Hackers are Selling 267 Million Records of Facebook Users

Hackers are Selling 267 Million Records of Facebook Users

Facebook may have been hit by another major data breach after the personal details of over 267 million profiles were found for sale online according to Hackread. The massive amount of data stolen included private details such as names, email addresses, Facebook IDs, dates of birth and phone numbers. This highly sensitive data and information was found by Hackread.com being sold on the dark web through a hacker forum. The information was put up  for sale at $600 and analyzed by risk assessment platform Cyble, who authenticated whether the data was accurate or not.

According to a previous Hackread article, “70% of the US citizens are active on Facebook which means that out of the country’s total population of 327.2 million, roughly 232.6 million people are on Facebook.” So this has major implications for Facebook users and elongates their list of privacy, security, and legal issues. You can check if your information has been accessed in the breach and what information of yours is on the web through Have I Been Pwned.com.

According to Hackread, these records stolen mostly belonged to users in the United States and included Facebook profiles, full names, a unique ID for each account and timestamp. Although the stolen data does not contain passwords, the information available in the database could be used by the hackers to lure victims in through email or SMS based phishing campaigns to potentially gain access to more private information.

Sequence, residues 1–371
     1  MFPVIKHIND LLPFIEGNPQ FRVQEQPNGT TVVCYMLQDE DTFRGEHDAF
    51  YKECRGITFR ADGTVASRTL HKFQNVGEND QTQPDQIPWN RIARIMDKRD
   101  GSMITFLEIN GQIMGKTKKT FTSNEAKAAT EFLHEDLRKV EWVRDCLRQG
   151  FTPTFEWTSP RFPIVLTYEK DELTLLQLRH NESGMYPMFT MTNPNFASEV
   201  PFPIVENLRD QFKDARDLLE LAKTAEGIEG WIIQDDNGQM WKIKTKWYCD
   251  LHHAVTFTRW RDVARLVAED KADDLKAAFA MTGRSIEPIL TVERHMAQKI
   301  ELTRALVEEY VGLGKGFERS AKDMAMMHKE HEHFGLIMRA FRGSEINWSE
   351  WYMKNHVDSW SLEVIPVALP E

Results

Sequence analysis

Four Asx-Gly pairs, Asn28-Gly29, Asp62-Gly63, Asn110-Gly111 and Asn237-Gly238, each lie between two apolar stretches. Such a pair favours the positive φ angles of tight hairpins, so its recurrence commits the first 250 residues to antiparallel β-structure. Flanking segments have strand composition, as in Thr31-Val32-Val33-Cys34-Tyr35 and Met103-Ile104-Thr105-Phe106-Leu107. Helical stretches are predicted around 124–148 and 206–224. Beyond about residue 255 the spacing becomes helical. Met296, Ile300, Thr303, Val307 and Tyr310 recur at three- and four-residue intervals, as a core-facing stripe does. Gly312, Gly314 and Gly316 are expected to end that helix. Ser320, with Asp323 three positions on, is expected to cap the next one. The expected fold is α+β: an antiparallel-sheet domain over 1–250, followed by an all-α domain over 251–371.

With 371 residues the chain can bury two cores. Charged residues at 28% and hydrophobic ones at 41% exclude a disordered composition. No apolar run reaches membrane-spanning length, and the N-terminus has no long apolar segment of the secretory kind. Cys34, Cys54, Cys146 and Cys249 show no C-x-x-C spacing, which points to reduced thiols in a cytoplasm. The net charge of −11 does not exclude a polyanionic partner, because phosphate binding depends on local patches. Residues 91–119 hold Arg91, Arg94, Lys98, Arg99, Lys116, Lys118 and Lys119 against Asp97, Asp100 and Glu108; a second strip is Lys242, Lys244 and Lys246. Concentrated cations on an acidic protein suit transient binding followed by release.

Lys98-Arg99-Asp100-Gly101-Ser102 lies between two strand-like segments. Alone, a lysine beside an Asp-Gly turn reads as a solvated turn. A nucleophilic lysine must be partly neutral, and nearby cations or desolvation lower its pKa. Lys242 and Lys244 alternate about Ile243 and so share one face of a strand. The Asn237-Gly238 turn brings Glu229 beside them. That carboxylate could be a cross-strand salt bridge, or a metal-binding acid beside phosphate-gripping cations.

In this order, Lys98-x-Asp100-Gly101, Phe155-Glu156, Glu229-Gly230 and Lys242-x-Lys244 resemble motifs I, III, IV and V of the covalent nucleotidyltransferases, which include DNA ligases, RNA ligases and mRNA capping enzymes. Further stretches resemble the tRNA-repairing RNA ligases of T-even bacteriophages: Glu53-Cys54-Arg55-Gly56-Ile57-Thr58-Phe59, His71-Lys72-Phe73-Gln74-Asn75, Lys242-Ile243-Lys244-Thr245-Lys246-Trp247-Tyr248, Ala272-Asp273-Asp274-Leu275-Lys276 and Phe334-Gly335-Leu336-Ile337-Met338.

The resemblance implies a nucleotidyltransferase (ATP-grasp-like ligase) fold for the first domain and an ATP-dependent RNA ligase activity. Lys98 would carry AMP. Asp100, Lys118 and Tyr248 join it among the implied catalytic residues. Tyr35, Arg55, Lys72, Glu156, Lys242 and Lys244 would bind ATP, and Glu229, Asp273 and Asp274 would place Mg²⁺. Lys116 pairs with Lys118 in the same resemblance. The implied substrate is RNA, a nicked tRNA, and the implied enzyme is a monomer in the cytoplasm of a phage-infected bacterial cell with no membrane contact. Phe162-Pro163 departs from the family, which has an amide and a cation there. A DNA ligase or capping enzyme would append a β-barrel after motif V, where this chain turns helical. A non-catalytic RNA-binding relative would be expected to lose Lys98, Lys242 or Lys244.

Researchers at risk assessment platform Cyble, bought the cache through the forum in order to verify its authenticity and to understand how it was stolen. While Cyble has not been able to pinpoint the source of this database yet, their CEO Beenu Arora told Hackread.com, “At this stage, we are not aware of how the data got leaked at the first instance, it might be due to a leakage in third-party API or scrapping. Given the data contain sensitive details on the users, it might be used by cybercriminals for phishing and spamming.” Arora also recommend users recheck the privacy and security settings of their Facebook accounts, and guard against interacting with unknown email or text messages related to social media accounts.

There is no evidence yet to suggest that the breach was recent and Facebook suggested that the information was probably accessed a long time ago before they updated their privacy and security settings recently. No passwords were accessed, but through the information accessed it is not very difficult for a cybercriminal to access what is left of your private information. Make sure to be weary when checking your emails or Facebook account because it could be a phishing scam.